Under the previous method, India rated “2°C compatible” (now ‘Almost sufficient’). The main driver for the change in rating is the updated CAT equity data: we revised the input data of equity literature and removed more studies in case they were based on a different sectoral scope, different gas scope or if the authors had published an updated study. For India, this leads to a significant change of the upper and lower bound of the fair share range, and therefore the rating as well.
Under current policies and action, greenhouse gas emissions (excluding LULUCF) are projected to reach a level of 3.84-4.02GtCO2e in 2030. The median value of emissions falls under the rating “Insufficient”, but the lower end of our estimate is just within the boundary for an “Almost sufficient” rating. We consider the lower bound to be more likely and use it as the basis for our ratings. The CAT rates India’s policies and action as “Almost sufficient” against its fair share contribution, which indicates that India’s current climate policies and actions are not yet consistent with the Paris Agreement’s 1.5°C temperature limit but could be with moderate improvements.
India has ambitious renewable energy policies, but its coal pipeline remains an issue. India has an ambitious 2022 renewable energy capacity target of 175 GW. As of July 2021, it was just shy of the 100 GW mark, with 98.9 GW of new renewable energy capacity installed, meaning that it is unlikely to reach the target. Ramping-up renewables in India can provide access to affordable power at scale. Falling auction prices for wind and solar, and increasing cost of coal-fired power generation will hasten the availability of affordable, renewable energy.
To be aligned with the Paris Agreement 1.5°C limit, India must phase out coal use from its power sector by 2040. The National Electricity Plan (NEP) in 2018 is projected to add more than 45 GW of coal-fired capacity by 2027, and a recent report from the Central Electricity Authority shows that in 2029-30 India’s coal capacity will be increased by 64 GW above 2021 levels. This would unnecessarily increase emissions, and risk stranded assets.
Recent developments in India’s coal sector indicate that only about 50% of planned coal capacity (6.8 GW) was installed in 2019–20, and the number of cancelled plants is also increasing (Central Electricity Authority, 2020b), but India still has one of the largest coal pipelines in the world. India would need to move faster towards decarbonising its energy sector.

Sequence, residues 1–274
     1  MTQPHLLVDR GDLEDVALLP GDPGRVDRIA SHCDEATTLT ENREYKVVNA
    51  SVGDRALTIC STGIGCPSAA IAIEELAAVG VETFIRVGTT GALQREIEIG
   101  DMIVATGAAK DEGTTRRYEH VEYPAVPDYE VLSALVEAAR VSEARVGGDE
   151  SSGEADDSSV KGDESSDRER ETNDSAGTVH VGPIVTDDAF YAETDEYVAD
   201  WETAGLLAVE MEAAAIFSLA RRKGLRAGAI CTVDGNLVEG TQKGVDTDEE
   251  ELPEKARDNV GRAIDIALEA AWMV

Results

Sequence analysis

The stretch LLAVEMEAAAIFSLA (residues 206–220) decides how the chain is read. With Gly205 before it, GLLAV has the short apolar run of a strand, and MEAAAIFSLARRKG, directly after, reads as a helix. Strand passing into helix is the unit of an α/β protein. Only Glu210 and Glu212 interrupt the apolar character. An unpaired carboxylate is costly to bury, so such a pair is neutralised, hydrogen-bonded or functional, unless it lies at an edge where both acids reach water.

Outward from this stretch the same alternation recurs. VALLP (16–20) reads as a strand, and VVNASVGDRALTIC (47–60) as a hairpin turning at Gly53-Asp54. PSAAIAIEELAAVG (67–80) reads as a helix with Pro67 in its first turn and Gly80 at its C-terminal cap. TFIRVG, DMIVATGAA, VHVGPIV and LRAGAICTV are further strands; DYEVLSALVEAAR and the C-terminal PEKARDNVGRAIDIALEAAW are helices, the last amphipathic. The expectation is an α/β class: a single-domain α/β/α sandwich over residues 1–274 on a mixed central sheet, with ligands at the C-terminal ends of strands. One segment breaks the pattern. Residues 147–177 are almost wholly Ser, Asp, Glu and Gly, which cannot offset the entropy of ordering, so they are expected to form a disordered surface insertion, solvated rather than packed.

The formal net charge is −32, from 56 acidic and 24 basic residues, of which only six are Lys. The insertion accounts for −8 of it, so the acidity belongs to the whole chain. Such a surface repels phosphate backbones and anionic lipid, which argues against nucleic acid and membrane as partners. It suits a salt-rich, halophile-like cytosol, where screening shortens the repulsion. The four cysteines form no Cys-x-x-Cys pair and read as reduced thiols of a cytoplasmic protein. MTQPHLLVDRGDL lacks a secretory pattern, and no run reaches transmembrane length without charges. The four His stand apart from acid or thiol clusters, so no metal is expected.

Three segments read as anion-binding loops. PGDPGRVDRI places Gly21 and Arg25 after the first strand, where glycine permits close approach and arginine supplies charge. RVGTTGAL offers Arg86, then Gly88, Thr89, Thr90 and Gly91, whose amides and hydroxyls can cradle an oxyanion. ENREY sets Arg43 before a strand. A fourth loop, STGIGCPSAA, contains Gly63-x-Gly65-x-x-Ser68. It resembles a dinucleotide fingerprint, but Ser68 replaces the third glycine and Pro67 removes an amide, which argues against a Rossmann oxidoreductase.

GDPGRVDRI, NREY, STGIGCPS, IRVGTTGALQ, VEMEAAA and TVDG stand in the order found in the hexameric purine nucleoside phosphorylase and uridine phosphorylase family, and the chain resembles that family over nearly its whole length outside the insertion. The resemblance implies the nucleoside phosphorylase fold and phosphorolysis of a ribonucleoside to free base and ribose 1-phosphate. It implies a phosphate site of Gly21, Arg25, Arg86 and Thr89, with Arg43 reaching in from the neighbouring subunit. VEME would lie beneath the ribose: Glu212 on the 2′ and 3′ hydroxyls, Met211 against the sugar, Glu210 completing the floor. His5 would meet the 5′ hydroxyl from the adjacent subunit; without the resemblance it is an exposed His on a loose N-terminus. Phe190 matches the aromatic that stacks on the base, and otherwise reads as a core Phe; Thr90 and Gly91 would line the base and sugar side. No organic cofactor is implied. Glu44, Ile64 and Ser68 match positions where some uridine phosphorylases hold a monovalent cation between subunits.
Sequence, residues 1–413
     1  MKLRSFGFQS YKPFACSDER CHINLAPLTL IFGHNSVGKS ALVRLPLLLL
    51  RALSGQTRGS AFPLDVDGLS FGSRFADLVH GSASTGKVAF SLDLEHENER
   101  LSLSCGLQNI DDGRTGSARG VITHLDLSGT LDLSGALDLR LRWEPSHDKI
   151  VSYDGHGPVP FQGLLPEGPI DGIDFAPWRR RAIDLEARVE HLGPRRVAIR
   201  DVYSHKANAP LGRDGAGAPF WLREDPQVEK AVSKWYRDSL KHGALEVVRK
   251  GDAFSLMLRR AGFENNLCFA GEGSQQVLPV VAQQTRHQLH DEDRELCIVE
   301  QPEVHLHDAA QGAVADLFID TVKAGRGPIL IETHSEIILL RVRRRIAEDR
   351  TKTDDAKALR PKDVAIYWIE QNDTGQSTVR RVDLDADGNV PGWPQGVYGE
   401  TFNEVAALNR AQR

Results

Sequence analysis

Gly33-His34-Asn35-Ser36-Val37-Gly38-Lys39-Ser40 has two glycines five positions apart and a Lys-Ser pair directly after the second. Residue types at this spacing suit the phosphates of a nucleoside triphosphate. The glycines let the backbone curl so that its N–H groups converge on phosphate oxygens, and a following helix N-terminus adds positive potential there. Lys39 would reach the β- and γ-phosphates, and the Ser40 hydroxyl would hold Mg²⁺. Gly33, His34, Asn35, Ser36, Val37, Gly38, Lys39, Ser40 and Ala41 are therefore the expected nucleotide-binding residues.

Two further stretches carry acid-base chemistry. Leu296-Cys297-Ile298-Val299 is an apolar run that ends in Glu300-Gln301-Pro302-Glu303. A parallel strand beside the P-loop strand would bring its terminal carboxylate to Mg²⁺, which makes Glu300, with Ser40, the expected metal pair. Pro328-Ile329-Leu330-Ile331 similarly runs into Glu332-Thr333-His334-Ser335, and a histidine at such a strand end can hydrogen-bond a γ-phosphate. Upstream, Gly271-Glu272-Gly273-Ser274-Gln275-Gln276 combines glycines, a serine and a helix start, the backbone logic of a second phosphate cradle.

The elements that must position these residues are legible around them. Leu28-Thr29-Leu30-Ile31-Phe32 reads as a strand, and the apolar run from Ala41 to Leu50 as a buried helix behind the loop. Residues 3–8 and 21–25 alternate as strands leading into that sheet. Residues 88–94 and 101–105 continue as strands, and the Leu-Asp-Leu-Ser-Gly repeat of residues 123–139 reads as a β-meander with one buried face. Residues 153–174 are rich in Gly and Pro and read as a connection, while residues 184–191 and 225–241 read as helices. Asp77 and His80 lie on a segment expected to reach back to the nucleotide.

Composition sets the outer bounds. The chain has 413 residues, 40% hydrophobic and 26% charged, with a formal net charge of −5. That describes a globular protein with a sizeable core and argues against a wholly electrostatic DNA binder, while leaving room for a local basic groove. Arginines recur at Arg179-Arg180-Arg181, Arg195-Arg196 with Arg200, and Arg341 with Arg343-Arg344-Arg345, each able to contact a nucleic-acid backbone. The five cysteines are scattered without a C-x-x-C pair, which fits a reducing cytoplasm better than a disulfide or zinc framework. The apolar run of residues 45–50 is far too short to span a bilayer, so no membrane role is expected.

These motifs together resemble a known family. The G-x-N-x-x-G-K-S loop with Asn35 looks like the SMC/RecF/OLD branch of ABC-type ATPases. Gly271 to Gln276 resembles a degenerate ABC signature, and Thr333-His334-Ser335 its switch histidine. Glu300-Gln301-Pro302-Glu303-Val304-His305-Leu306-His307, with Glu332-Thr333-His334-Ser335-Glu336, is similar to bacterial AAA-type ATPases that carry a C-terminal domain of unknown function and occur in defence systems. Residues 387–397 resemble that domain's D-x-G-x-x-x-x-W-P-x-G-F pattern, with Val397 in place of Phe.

India’s first NDC has three main elements:
- An emissions-intensity target of 33%–35% by 2030 below 2005 levels;
- To increase the share of non-fossil-based energy resources to 40% of installed electric power capacity by 2030 with support;
- To create an additional (cumulative) carbon sink of 2.5–3 GtCO2e through additional forest and tree cover by 2030.
We take India’s 40% non-fossil capacity target as being conditional on international support (“internationally supported target”) and rate this against where India’s emissions need to be for 1.5°C compatibility, based on modelled domestic pathways. With this we check if a country has a plan on how fast it could reduce its emissions if there were sufficient international support available.
The CAT rates India’s internationally supported target as “Critically insufficient”, indicating that India’s internationally supported target needs substantial improvements to be consistent with the Paris Agreement’s 1.5°C temperature limit. India has not yet submitted an updated NDC.
We interpret India’s emissions-intensity target as being its unconditional contribution to meeting the Paris Agreement. We rate this target against what India’s fair share contribution under the Agreement should be. We rate India’s emissions intensity target as “Highly insufficient.” The “Highly insufficient” rating indicates that India’s climate policies and commitments are not consistent with any interpretation of a fair-share contribution and lead to rising, rather than falling, emissions.
The CAT revised its rating methodology in 2021, including updates to its equity framework. For India, this led to a significant change of the upper and lower bound of the fair share range and therefore the rating as well. As a result, India’s target fair share target rating has fallen by two categories from what we used to call "2°C compatible" (now "Almost sufficient") to "Highly insufficient".
India does not have a net zero target.